Our society needs energy, and lots of it. If you’re reading this then the odds are astronomically good that you’re on a computer somewhere using energy, with the power cord plugged into the mysterious “black box” that is the electrical grid. The same is true if you’re reading this on a laptop or phone, which was charged from said black box even though it may not be connected at this moment. No matter where you are, you’re connected to some sort of energy source almost all the time. For almost every one of us, we have power lines leading up to our homes, which presumably connect to a power plant somewhere. This network of power lines, substations, even more power lines, and power plants is colloquially known as the electrical grid which we will be exploring in a series of articles.
While the electrical grid is a little over a century old, humanity has been using various energy sources since the agricultural revolution at least. While it started with animal fat for candles, wind for milling grain, and forests for building civilizations, it moved on to coal and steam during the industrial revolution and has ended up in a huge interconnected network of power lines connected to nuclear, natural gas, coal, solar, and wind sites around the world. Regardless of the energy source, though, there’s one reason that we settled on using electricity as the medium for transporting energy: it’s the easiest way we’ve found to move it from place to place.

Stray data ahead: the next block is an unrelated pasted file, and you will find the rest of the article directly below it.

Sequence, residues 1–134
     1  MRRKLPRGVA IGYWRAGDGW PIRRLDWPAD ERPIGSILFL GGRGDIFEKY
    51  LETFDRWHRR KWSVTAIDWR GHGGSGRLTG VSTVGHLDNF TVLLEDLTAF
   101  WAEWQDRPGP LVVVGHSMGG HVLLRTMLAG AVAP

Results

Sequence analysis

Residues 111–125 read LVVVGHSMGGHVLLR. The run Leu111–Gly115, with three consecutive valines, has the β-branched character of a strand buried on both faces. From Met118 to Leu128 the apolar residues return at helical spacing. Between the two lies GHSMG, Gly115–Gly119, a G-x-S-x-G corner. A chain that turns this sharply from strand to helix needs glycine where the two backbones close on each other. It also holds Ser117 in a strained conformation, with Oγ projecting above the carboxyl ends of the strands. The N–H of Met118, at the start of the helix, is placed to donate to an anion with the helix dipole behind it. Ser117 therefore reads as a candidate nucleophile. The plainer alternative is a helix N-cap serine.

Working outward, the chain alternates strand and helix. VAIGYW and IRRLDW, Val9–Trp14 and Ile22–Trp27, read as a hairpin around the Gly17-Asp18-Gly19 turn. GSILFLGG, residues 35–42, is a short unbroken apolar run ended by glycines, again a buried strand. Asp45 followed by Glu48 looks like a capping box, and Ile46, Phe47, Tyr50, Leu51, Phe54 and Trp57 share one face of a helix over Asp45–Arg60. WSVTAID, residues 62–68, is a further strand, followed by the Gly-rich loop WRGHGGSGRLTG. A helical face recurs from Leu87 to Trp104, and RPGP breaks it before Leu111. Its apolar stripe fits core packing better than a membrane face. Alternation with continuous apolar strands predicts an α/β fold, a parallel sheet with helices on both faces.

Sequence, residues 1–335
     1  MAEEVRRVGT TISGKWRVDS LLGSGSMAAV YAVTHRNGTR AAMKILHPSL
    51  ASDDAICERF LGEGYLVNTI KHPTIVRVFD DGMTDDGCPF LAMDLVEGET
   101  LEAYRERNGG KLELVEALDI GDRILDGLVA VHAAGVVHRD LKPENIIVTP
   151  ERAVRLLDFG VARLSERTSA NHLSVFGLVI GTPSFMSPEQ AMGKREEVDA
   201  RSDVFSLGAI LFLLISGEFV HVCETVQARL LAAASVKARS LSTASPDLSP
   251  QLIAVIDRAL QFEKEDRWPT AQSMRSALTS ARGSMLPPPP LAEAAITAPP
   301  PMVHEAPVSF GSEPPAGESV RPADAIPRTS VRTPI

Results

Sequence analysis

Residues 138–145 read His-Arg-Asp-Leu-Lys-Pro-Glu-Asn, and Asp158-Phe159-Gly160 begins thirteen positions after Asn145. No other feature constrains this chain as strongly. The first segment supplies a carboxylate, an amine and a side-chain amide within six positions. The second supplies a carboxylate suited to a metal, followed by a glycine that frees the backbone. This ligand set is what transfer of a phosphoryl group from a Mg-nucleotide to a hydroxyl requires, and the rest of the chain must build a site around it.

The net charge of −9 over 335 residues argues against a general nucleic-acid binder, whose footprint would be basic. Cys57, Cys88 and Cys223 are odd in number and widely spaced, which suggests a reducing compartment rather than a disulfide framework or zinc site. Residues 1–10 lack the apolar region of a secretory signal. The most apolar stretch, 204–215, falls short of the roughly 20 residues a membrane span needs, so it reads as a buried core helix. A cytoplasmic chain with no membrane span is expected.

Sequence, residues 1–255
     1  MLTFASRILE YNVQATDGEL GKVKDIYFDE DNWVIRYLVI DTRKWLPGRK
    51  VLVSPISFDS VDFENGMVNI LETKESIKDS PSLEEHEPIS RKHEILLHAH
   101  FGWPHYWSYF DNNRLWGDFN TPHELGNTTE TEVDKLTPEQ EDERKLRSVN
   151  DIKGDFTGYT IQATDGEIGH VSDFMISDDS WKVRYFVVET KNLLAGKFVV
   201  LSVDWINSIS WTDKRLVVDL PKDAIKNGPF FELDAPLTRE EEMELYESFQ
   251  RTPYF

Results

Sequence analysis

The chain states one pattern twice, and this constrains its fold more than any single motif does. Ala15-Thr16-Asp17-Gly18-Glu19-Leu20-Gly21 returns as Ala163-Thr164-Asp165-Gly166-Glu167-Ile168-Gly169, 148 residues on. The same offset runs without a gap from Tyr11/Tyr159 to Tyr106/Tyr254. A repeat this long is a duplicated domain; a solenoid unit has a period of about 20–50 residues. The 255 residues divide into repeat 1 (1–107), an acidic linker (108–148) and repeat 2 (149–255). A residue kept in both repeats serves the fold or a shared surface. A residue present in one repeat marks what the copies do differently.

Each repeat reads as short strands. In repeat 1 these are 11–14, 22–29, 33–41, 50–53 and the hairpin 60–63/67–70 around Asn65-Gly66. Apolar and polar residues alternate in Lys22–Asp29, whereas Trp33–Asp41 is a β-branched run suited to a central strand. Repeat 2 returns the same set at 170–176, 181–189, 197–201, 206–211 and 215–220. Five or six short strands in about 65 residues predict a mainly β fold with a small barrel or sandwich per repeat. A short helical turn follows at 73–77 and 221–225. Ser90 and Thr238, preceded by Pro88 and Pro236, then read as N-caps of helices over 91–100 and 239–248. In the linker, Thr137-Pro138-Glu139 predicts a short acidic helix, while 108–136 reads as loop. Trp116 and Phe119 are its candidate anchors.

ORIGINS OF THE COMMERCIAL GRID
Although the potential to use electricity as an energy delivery method was recognized fairly early it wasn’t until Thomas Edison came along that the first practical and commercial electrical grid was implemented. His first grid supplied power to a handful of electric lights in New York using a direct current (DC) generator. Using DC has its drawbacks, though. This was an era before switch-mode power supplies, let alone the transistor itself, was invented, so it was virtually impossible to transform DC voltages. To avoid safety and cost issues the voltage of the generator was kept to a modest 100 volts. And, since resistive losses in wires are greater if the voltage is lower, this meant that essentially every block would need its own separate generator and electrical grid to be economically feasible on a larger scale.
As much as Edison hoped his project would be commercially successful, the inventor of the modern electric grid was one of his direct competitors: Nikola Tesla. Tesla used an alternating current (AC) system, which meant that he could generate large amounts of power at a remote location, use a transformer to step the voltage up in order to deliver the power at minimal resistive losses even over huge distances, and then use another transformer to step the voltage back down to a safe level for consumption. Through the eye of history it’s obvious that this method would be the clear winner over Edison’s DC system, but not before a vicious battle between the two called the War of Currents took place.
Read More: Hackaday
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